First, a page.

Accordingly, a primary object of the present invention is to provide a hair rinse conditioner which imparts superior conditioning effects, softness and manageability, static control, and ease of combing.
Another object of present invention is to provide a hair rinse conditioning composition which is readily removable without build-up by conventional shampoos containing AEPS detergent.
Another object of the present invention is to provide a stable, non-irritating, rinse conditioner capable of being applied daily after shampooing.
Still another object of present invention is to provide a rinse conditioner which imparts a superior shine to the hair.
Another object of the present invention is to provide an economical hair rinse conditioner containing a minimum concentration of essential active ingredients.
Additional objects, advantages and novel features of the invention will be set forth in part in the description which follows, and in part will become apparent to those skilled in the art upon examination of the following specification or may be learned by practice of this invention.
To achieve the foregoing and other objects and in accordance with the present invention as embodied and broadly described herein, the novel hair conditioner composition of this invention consists essentially of about 0.5% to 2.5% by weight of a di-stearyl or di-hydrogenated tallow di-C1 -C3 alkyl quaternary ammonium compound, about 0.5% to 2.0% by weight of C7 -C17 alkylamido C2 -C3 alkyl di-C1 -C2 alkyl amine, about 1% to 10% by weight of a C14 -C18 alkanol, about 0.2% to 1.5% by weight mineral oil, about 0.1% to 2% by weight of cyclomethicone and about 0.2% to 2% by weight propylene glycol in about 80% to 97.5% by weight of an aqueous carrier. The final product is in the form of an emulsion and has a pH of about 4-6 and preferably 4.5 to 5.5.
In a preferred aspect, the present invention relates to a stable hair conditioner composition which is easy to remove with a conventional shampoo containing AEPS detergent without undesirable build up on the hair and has a pH of about 4.5 to 5.5. consisting essentially of, by weight, about 0.7% to 2% of a quaternary ammonium compound selected from the group consisting of distearyl dimethyl quaternary ammonium chloride and di-hydrogenated tallow dimethyl quaternary ammonium chloride, about 0.75% to 1.5% of C13 -C17 alkylamidopropyl dimethyl amine, about 1.5% to 4% of cetyl or stearyl alcohol, about 0.3% to 1.0% mineral oil, about 0.2% to 1% of cyclomethicone and about 0.4% to 1.5% of propylene glycol emulsified in 89% to 96.2% of water.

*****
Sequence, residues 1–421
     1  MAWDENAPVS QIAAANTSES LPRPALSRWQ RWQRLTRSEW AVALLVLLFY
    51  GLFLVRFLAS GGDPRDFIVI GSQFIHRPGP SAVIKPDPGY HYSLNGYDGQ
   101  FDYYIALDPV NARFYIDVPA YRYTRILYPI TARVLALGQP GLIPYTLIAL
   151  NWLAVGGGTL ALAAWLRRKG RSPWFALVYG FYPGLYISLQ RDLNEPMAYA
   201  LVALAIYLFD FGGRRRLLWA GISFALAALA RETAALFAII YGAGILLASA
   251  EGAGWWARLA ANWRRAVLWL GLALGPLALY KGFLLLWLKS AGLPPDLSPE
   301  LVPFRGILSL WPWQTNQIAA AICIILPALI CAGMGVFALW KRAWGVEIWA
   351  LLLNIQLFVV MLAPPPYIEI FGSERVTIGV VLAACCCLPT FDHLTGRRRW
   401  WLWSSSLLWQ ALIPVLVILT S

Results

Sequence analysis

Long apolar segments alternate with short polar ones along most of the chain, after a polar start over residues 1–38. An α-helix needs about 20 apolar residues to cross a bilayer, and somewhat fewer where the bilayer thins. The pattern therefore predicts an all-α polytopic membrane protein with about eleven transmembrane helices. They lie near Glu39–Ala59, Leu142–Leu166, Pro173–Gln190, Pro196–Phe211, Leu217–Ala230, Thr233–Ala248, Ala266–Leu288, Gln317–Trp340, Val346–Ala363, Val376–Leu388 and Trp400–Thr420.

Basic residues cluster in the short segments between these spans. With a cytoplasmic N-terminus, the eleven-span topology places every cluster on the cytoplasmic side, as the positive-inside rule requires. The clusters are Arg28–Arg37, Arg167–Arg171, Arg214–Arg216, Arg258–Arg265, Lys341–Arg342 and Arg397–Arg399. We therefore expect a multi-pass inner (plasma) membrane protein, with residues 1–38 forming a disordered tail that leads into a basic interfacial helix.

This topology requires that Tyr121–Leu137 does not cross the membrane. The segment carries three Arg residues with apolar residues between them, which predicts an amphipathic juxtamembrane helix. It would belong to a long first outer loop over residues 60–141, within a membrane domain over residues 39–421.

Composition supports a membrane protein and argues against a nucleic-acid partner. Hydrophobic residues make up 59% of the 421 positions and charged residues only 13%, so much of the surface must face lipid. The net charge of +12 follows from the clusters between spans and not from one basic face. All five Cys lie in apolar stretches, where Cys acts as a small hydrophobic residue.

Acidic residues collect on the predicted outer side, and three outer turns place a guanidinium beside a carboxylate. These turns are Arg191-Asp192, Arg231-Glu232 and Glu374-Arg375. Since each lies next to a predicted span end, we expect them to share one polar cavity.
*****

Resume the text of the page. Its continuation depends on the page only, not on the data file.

The described hair conditioner compositions are stable, opaque liquids at room temperature. Further, these compositions are stable at 5° C. and at 38° C. to 48° C. It is believed that these compositions are oil-in-water emulsions, with the two cationic compounds being the emulsifying agents.
As indicated, these compositions contain safe chemicals which are not irritating to the skin are non-toxic and are effective to improve the manageability of the hair.
It is believed that the good conditioning properties are imparted to the hair when the composition is applied to the hair with or without subsequent rinsing due to the use of the essential mixture of conditioning agents, namely di-stearyl or di-hydrogenated tallow, ammonium salt C7 -C17 alkylamido C2 -C3 alkyl amine, C14 -C18 saturated alkanol and mineral oil. Additionally, it is believed that the co-action of the aforementioned essential ingredients is responsible for the ready removeability of this conditioning mixture in the course of normal shampooing with a conventional shampoo containing an AEPS detergent. Also, the conditioning mixture provides a balanced conditioning effect and better hair luster than is normally provided by the mixture of cationic conditioning compounds and said C14 -C18 saturated alkanol. Furthermore, the mixture of cationic compounds serves as the emulsifier to yield the desired physical stability.
In addition, it has now been found that the present novel hair rinse conditioners are more readily and easily removed by shampooing with AEPS containing shampoo, resulting in negligible build-up of conditioner on the hair with extended use. A comparison with other formulae confirms that this is an unexpected and unusual property of the instant conditioners. It also has been found that this rinse conditioner leaves tresses shinier (cleaner) than when treated with other conditioners or with shampoos which usually contain anionic surfactants such as sodium lauryl ether sulfate (SLES), triethanolammonium lauryl sulfate (TEALS) and sodium lauryl sulfate.